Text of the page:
The Outsourcing Continuum, Part VI: Making the Decision

Outsourcing is a business decision that weighs the strategic plans for the company against the resources required to accomplish those goals. Determining the appropriate resource allotment for any particular goal involves considering both tangible and intangible costs to achieve the goal. For example, if your goal is to increase market share in a particular market segment, then you may commit more resources to the development of product enhancements that appeal to that market segment―as well as, increasing the marketing and sales resources that target that market.

In this case, you may have your internal staff direct the efforts of outside organizations to print and distribute new sales literature. You might also have an outside engineering firm work on the product enhancement under the direction of your product development management team. In each of these cases, you have a tangible cost for getting a particular piece of work accomplished. You also have an intangible cost related to the quality and timeliness of getting the job done. Of course, you can do all the work internally, but unless you have the right people with the right skills, your product quality and time to market may suffer. The intangible cost would be a missed market window.

The same kind of logic applies to outsourcing your IT infrastructure. Are you going to commit your IT resources to building and maintaining servers and networks or do you want them working on things that help the company meet its strategic goals? The answer to that question obviously has to do with why you are in business. Most companies are not in the business of providing IT infrastructure support. IT is simply a means to an end. So, why not consider letting someone else do the work of supporting your networks and focus your IT staff on business process enhancement and managing the outsourced work.

Questions you should ask when making the outsourcing decision:

  • What is IT doing today in support of the corporate business strategy?

  • Does the IT organization provide good business value or is it just keeping the lights on?

  • What does IT cost today?

  • Will outsourcing save money or provide more value for the dollars spent?

Business Strategy

Here the goal is to move toward an environment where infrastructure is supported by outside service experts while maintaining the business critical elements in-house. If, for example, you are deploying a new custom software application that will do great things for the business there are several elements of the project that might be outsourced. You might contract to have some of the programming done by outside vendors, while maintaining project management control in-house. You could have the servers that the application runs on managed by an outside firm. You might even think about building the entire application on a platform such as the ones provided by, Google, or Amazon.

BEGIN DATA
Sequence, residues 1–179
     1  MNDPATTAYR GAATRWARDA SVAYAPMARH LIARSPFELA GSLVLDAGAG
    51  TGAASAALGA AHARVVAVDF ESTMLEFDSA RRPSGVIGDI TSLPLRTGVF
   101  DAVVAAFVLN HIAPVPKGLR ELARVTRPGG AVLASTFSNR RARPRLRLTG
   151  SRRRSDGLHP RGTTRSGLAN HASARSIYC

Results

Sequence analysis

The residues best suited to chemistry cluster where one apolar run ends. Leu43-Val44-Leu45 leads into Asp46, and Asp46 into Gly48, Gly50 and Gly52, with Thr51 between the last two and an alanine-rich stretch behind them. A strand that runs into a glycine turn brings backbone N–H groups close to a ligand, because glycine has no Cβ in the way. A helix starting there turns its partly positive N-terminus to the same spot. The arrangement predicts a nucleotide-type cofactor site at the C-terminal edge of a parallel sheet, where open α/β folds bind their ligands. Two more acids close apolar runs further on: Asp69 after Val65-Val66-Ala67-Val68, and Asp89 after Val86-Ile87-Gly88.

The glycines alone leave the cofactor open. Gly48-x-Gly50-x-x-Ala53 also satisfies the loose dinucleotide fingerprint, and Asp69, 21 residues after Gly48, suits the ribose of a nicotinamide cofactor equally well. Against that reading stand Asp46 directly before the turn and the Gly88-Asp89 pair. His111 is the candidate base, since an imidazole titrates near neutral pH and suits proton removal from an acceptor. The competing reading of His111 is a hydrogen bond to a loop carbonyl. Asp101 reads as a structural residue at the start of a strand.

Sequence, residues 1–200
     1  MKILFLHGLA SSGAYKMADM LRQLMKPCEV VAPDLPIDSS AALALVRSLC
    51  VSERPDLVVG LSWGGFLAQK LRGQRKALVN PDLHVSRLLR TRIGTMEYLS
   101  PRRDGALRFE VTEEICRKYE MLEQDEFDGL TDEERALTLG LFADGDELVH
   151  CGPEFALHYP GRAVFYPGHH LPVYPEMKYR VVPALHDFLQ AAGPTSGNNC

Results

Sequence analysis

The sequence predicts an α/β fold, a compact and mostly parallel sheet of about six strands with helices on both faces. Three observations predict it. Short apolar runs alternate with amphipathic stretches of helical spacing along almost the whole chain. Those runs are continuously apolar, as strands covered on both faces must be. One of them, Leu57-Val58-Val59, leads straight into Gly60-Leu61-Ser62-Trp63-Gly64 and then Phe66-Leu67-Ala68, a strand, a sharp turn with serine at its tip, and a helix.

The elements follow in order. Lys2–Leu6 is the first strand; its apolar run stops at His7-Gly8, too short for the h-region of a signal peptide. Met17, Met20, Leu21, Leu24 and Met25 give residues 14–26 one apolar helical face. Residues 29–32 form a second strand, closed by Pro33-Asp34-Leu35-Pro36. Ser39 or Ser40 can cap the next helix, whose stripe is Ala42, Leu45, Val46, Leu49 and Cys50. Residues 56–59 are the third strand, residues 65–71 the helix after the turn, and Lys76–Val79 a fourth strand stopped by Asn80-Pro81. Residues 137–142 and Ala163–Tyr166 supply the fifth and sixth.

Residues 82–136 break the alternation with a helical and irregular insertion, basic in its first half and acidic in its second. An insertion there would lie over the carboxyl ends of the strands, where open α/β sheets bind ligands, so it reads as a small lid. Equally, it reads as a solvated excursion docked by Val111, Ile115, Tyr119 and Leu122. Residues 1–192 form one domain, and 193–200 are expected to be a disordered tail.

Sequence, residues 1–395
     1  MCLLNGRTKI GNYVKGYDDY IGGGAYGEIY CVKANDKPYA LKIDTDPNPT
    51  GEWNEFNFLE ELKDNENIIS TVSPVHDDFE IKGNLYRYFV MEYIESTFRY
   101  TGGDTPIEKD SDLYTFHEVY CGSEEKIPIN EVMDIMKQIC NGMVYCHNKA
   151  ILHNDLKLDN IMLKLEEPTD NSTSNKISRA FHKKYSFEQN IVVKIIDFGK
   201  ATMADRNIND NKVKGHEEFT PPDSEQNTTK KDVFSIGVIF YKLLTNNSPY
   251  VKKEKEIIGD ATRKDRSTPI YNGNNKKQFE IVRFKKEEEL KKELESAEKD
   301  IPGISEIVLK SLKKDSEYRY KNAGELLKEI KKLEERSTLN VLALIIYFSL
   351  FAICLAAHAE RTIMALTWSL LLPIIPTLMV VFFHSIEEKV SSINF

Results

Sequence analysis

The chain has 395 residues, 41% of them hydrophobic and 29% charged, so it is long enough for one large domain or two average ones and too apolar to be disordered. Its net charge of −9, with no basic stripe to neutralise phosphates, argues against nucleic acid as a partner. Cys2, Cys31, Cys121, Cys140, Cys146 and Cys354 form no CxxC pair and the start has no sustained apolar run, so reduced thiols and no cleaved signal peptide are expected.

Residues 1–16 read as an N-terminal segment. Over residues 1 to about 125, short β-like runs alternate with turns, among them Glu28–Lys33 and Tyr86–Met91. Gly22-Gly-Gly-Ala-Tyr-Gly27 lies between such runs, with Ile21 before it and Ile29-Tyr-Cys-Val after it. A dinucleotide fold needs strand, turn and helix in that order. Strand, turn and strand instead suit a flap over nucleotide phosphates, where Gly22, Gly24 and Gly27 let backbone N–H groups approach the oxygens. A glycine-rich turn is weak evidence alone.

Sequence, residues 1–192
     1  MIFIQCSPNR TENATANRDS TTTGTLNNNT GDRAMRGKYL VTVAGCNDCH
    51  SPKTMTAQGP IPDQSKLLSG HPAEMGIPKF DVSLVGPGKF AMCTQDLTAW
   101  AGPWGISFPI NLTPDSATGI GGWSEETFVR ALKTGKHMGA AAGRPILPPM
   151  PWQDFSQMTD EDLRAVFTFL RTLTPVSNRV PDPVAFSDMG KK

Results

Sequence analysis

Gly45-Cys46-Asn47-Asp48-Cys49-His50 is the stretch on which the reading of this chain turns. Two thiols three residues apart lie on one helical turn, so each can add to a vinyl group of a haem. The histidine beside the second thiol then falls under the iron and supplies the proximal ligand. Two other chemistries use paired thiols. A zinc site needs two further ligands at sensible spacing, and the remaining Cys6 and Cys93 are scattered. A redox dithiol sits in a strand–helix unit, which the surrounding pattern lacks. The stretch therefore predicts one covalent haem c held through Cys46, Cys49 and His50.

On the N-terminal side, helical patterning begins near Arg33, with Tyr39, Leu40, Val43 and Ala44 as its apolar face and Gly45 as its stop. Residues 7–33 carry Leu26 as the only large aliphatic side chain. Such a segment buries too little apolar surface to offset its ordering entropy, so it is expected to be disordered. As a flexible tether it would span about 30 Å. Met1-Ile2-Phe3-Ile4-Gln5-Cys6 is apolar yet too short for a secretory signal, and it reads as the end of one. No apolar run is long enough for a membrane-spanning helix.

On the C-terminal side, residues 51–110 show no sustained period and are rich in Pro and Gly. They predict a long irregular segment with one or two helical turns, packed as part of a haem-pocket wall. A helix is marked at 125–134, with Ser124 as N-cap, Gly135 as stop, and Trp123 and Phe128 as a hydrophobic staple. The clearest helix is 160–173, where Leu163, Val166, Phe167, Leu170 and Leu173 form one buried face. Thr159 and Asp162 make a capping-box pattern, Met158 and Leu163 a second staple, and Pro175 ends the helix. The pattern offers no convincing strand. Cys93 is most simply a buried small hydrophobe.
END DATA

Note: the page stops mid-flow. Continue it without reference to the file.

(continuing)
The point is that your technology strategy should be focused on providing business value rather than infrastructure management.

Developing a strategy that puts critical elements of technology in the hands of others is a little scary. That kind of strategy requires that your IT team develop a new set of management skills to ensure you find and manage the right partners. The technology team will have to gain more insight into the company’s business processes and strategy, a greater understanding of the service levels needed, and a better way to perform vendor due diligence investigations.

The IT team is no longer strictly in charge of technology, but rather of ensuring that everyone in the company can get their job done. The competitive edge is not in the technology but the application of the technology in innovative, cost-effective ways.

IT Value vs. Cost

Making the switch to concentrating on the “Information” in Information Technology will be challenging for many of today’s IT managers. They have always worried about the speeds and feeds and less about how the equipment under their control provides good value. Infrastructure management is necessary but not sufficient to provide business users and managers with the information they need to make critical business decisions each and every day.